Gold insisted that she should not “assume that the government was not aware of the threats, nor is it correct to assume that the government didn’t share its concerns about the threats.”

But Gold, again, said he could not provide details: “What is equally clear, as we all know, and as I stated in response to an earlier question, that I cannot share, and the government cannot share and should not share the intelligence that it may have received that helped inform their decision.”


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Double secret probation.

We need you guys to vote to confirm an unprecedented use of power but we can’t tell you why…..

Anyone who still thinks “more democracy=good” a senate/upper house of parliament is a deliberative body that exists explicitly to obstruct pure democracy.

Thanks Canadian senate your fight against fascism is ours thank you.

    henrybowman in reply to Danny. | February 24, 2022 at 2:38 pm

    Except an executive wonk shouldn’t be able to pack a Senate.

      The number of Canadian senators is fixed, and you can’t argue they didn’t do their job they just defeated imposition of fascism via elections (specifically the election of Trudeau).

Justin saw the writing on the wall and reversed course, plus he was looking too ‘Putin-ish’ while Putin is busy being himself. Can’t claim the moral high ground and join other Western leaders in condemning Russia looking like what you condemn.

    gonzotx in reply to Whitewall. | February 24, 2022 at 1:47 pm

    It was the banks, he got his orders

    Ironclaw in reply to Whitewall. | February 24, 2022 at 3:23 pm

    He got the immediate outcome he wanted, so we withdrew before he could be voted down. This saves it for later if he wants to use again on false pretenses. Now he knows, he has a few days to act like a complete fascist before the legislature can do anything about it.

      Idonttweet in reply to Ironclaw. | February 25, 2022 at 9:14 am

      It might be prudent for the Senate to formally vote their disapproval of Trudeau’s actions. That will establish the formal rebuke and formally override whatever actions were taken in the few days it was in effect and waiting parliamentary approval.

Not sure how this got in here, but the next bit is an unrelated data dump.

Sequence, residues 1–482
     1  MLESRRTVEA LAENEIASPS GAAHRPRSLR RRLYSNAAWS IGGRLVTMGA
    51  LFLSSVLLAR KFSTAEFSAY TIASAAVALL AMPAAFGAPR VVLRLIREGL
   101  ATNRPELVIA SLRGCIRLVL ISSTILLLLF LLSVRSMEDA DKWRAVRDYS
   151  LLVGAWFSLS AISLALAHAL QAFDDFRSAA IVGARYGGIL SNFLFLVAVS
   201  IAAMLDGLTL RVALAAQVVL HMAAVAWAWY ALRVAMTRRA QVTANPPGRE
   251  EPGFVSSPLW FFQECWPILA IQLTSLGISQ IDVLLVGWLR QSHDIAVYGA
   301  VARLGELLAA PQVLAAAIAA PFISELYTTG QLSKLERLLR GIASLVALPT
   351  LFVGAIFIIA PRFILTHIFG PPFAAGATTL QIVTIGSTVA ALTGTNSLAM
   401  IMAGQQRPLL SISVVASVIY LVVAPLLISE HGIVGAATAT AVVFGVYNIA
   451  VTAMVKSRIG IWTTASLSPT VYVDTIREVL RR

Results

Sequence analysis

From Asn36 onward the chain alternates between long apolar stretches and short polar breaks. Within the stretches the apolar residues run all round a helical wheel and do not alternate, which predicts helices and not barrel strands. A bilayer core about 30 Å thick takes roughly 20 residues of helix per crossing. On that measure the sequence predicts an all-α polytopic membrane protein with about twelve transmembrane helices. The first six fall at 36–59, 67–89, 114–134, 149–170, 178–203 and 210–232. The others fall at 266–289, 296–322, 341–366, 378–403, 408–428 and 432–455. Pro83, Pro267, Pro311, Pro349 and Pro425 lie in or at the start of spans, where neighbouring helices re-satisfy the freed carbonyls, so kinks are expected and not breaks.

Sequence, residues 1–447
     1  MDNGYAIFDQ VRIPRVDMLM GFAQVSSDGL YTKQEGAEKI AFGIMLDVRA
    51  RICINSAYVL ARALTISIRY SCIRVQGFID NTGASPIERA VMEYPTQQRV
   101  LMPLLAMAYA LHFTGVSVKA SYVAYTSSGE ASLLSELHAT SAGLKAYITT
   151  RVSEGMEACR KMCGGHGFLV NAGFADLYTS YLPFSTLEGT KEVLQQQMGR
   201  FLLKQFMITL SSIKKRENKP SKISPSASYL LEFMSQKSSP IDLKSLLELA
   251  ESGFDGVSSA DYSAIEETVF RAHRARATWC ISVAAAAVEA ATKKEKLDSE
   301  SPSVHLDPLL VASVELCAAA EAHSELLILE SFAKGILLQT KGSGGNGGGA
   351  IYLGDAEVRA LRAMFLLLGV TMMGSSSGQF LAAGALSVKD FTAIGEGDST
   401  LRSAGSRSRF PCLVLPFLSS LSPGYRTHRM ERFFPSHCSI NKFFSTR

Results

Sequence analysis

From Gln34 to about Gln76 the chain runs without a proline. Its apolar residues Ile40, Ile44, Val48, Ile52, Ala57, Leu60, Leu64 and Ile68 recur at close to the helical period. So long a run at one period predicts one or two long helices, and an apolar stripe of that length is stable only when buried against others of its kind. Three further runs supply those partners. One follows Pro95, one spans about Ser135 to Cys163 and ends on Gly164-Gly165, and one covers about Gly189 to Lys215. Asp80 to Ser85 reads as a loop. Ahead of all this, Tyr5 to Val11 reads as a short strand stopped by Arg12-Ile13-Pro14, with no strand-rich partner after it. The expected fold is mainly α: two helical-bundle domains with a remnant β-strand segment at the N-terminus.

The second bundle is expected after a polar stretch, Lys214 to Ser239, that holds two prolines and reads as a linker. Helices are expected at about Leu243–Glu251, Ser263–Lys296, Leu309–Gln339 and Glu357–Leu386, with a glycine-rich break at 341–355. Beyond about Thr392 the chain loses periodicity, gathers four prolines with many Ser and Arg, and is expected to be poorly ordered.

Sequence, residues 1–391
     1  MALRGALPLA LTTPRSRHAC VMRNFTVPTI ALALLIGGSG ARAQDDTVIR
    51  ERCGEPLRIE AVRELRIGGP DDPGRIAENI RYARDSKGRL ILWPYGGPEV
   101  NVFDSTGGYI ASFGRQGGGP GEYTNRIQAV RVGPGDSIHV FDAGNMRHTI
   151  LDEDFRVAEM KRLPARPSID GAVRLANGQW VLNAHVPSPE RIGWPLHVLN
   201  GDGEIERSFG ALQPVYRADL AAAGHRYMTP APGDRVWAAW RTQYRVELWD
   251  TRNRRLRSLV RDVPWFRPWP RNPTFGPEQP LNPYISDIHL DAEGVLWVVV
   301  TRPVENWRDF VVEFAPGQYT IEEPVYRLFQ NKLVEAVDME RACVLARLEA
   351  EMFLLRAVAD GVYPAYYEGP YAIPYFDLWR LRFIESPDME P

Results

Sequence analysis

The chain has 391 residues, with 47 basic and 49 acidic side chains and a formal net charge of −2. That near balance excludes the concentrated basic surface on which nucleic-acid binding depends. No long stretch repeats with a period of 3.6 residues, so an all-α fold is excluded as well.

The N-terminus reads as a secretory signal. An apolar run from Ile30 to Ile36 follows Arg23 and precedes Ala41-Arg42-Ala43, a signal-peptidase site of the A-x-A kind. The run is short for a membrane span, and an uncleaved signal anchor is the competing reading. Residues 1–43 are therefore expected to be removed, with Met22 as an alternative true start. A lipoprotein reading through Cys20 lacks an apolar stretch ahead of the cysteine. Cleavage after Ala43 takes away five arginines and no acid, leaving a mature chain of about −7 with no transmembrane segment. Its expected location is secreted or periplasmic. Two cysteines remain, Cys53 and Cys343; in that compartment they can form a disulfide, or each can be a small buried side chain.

Ironclaw in reply to Whitewall. | February 24, 2022 at 3:25 pm

    As if it’s strange for leftists to condemn something while already being guilty of it themselves. They lack all self-awareness.

    Arminius in reply to Whitewall. | February 24, 2022 at 6:51 pm

    Yeah, that whole “consent of the Governed” and “God given” rights dealio is so 18th century and just inconvenient. Let’s just go with the tanks, jets, and bayonets.

    Look, I’m not going to take a victory lap for pointing out that Canada had a bicameral legislature, and that nothing the House of Commons passed could become law until the Senate approved it. OF COURSE the PM’s signature was a forgone conclusion. Still, the largely ceremonial Senate had to act, and what I was saying was, it wasn’t a done deal. It was a small hope. I figured the Senate would cave. And then there was the Supreme Court of Canada, but, well. If you have faith in the courts I give you the Taney decision in Dred Scott.

    What’s more important is, are we going give in to the idea that our rights are merely allowances granted by our governments? What happened north, for most of us (shout out to the Alaskans), of our border wasn’t about vaccinations. It was about mandates. The stupid people didn’t understand. You can riot for more government. But you can not peacefully assemble to ask for less. Send in the trampling horses!*

    Our rights our now increasingly thought of and taught of as somethig granted by government. I’ll link it I need to, but do I need to? If we want to get back to normal;, bend over and take the anal swab. Do what we are told. Do I really have to link to the receipts that show the Covid totalitarians thought this was the moment to let their freak flag fly?